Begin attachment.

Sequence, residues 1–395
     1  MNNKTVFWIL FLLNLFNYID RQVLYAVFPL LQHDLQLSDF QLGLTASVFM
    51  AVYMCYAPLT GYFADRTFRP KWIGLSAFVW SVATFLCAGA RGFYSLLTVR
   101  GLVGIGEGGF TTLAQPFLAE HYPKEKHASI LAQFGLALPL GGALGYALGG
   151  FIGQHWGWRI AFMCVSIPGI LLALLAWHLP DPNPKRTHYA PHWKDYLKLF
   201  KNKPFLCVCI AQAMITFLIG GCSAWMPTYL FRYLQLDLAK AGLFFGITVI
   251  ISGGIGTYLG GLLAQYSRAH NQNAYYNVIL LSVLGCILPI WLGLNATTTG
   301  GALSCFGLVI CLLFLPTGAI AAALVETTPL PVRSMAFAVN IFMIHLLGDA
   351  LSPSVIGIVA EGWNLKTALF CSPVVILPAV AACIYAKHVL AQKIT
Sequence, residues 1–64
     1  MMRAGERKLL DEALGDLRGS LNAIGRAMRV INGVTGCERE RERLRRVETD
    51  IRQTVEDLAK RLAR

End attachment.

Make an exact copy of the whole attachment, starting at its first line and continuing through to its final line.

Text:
Sequence, residues 1–395
     1  MNNKTVFWIL FLLNLFNYID RQVLYAVFPL LQHDLQLSDF QLGLTASVFM
    51  AVYMCYAPLT GYFADRTFRP KWIGLSAFVW SVATFLCAGA RGFYSLLTVR
   101  GLVGIGEGGF TTLAQPFLAE HYPKEKHASI LAQFGLALPL GGALGYALGG
   151  FIGQHWGWRI AFMCVSIPGI LLALLAWHLP DPNPKRTHYA PHWKDYLKLF
   201  KNKPFLCVCI AQAMITFLIG GCSAWMPTYL FRYLQLDLAK AGLFFGITVI
   251  ISGGIGTYLG GLLAQYSRAH NQNAYYNVIL LSVLGCILPI WLGLNATTTG
   301  GALSCFGLVI CLLFLPTGAI AAALVETTPL PVRSMAFAVN IFMIHLLGDA
   351  LSPSVIGIVA EGWNLKTALF CSPVVILPAV AACIYAKHVL AQKIT
Sequence, residues 1–64
     1  MMRAGERKLL DEALGDLRGS LNAIGRAMRV INGVTGCERE RERLRRVETD
    51  IRQTVEDLAK RLAR